Uh-oh. You just found a fresh puddle of [some type of liquid] underneath your car. But what is it? Is it serious? Are puddles always indicative of a problem?
Sorry to say it, but puddles are usually not a good sign. The one exception is A/C condensation, which is just clear water and totally fine. The rest probably warrant a quick call to your mechanic.
You can generally identify a leak by its color and consistency, as well as where it’s coming from. In this post, we’ll name the most common leaks and some of their identifying characteristics.
We know you’re busy and need to be on your way, so without further ado, here they are:
7 Common Car Leaks & How to Identify Them
1. Brake Fluid
Color: Clear to yellowish to light brownish with medium thickness and a super slick consistency
Location: Near the wheels or directly under the brake pedal
Brake fluid leaks aren’t all that common (thank goodness), but we’re starting with them because they can be extremely dangerous. A brake fluid leak can result in brake failure. If you suspect a brake fluid leak, don’t even attempt to drive your car to the mechanic — have it towed.
2. Transmission Fluid
Color: Red-brown, orange, or pink with a thick, oil-like consistency
Location: Front or middle of the car
Transmission fluid leaks can be caused by a faulty transmission seal or a hole in the return line that runs fluid between systems. These leaks can destroy your transmission, which is a very costly repair. If you suspect a transmission fluid leak, don’t wait — call your mechanic right away.
Note: If you drive a manual transmission (stick shift), your car probably doesn’t have transmission fluid. Most stick shifts use gear oil instead. Gear oil is usually light brown in color and has a bad odor.
3. Power Steering Fluid
Color: Red, orange, pink with a thick, oil-like consistency (many cars use transmission fluid for the power steering system); otherwise it’s yellow (for new power steering fluid) or brown (for older power steering fluid) with medium thickness — your owner’s manual will tell you which fluid is used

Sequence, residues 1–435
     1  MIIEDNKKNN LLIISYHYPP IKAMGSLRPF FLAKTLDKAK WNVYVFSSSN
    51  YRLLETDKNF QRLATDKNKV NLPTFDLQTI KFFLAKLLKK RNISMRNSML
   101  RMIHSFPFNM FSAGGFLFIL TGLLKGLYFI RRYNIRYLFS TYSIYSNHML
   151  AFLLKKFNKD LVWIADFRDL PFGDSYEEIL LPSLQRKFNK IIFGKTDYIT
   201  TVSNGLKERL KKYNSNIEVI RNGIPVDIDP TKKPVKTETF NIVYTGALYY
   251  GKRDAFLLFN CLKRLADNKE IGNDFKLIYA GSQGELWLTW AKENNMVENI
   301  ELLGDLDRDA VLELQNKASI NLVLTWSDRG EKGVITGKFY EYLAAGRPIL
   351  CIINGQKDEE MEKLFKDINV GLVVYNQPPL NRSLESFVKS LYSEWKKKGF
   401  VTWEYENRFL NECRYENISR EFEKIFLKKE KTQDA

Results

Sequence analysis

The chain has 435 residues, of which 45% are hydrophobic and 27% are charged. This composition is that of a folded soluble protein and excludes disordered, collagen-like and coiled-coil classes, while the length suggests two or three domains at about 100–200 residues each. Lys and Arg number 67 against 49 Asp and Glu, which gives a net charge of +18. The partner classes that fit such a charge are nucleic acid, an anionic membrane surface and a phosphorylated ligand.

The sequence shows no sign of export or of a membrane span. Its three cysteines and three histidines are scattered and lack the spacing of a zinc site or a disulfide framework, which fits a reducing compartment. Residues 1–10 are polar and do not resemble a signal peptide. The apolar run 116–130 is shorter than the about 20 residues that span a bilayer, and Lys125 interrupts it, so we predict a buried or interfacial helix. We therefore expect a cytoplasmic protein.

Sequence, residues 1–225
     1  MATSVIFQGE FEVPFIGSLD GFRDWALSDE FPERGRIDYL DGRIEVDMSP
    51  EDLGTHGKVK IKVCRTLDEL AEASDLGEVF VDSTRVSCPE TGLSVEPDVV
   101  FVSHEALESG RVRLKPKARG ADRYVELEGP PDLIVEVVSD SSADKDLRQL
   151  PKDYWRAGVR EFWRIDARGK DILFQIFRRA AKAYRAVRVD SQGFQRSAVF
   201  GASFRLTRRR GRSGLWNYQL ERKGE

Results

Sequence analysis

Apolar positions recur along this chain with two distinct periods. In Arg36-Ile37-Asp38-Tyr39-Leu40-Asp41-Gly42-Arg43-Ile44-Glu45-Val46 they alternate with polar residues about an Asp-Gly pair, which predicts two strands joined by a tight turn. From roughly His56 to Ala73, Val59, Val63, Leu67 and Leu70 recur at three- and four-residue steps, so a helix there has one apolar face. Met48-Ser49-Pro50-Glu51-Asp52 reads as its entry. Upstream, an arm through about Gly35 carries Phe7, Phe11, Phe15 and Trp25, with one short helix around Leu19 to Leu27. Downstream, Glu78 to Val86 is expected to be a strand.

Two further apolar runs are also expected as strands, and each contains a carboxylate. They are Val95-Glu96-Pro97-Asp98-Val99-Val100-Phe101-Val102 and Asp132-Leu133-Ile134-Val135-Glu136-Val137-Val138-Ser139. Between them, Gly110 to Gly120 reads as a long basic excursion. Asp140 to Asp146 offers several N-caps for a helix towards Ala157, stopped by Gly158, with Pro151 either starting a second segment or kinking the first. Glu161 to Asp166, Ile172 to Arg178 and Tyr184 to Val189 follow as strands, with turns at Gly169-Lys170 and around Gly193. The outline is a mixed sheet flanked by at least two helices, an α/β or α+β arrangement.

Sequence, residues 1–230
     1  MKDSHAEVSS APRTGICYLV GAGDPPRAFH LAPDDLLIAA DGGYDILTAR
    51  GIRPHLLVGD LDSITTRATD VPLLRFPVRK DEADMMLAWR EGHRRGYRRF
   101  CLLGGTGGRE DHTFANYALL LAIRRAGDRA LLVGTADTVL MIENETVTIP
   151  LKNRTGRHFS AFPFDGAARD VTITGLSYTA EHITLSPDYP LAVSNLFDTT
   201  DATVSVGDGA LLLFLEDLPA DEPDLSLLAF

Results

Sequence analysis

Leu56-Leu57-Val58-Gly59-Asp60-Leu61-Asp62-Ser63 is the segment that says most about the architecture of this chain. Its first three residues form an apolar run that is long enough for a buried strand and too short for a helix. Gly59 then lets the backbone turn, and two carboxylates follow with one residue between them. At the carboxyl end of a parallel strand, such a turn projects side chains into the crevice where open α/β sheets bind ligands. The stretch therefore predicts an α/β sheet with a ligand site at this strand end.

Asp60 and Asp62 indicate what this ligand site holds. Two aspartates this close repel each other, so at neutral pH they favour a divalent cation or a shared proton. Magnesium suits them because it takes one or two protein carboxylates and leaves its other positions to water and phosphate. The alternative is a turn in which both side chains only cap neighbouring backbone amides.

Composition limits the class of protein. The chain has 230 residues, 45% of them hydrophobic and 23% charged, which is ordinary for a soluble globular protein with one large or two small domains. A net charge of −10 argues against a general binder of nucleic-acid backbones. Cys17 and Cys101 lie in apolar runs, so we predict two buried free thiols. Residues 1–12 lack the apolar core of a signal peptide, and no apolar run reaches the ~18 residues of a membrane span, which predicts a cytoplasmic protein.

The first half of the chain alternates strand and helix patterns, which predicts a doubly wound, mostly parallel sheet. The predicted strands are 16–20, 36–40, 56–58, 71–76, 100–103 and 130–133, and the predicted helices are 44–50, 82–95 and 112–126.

Location: Front of the car
If you’re having a hard time turning your steering wheel, your power steering might be to blame.
4. Motor Oil
Color: Dark brown (for older motor oil) or yellow-light brown (for newer motor oil)
Location: Front of the car, under the engine
Neglecting a motor oil (also called engine oil) leak can lead to engine failure and costly repairs.
Color: Green (sometimes orange or pink) with a sticky consistency
Location: Front of the car, under the radiator area
Antifreeze or coolant leaks are one of the most common leaks on cars. If you have a coolant leak, your car may overheat. Click here to learn how you can tell if your car is overheating, and what to do about it.
Caution! Antifreeze/coolant has a sweet smell and taste and is attractive to pets — but it is extremely toxic! So get that leak taken care of ASAP if you have pets.
6. Windshield Wiper Fluid
Color: Blue (sometimes green or orange); thin, water-like consistency
Location: Check the fluid reservoir under the hood and the tubes that run up through the wiper blades
Windshield wiper fluid leaks are caused either by the degradation of the fluid reservoir, or the tubing that runs through the wiper blades. They aren’t serious, just annoying if you can’t wash your windshield!
Color: Brown, watery consistency and smells like gasoline
Location: Rear of car or front of car
Rear-of-the-car gas puddles usually indicate a leak in the gas tank. Front-of-the-car gas puddles could mean a problem with the fuel pump.
JL Motorworks specializes in identifying and repairing leaks of all kinds in your vehicle. Our quick and accurate diagnostics and efficient turnaround time will ensure you get your car back and running smoothly in no time!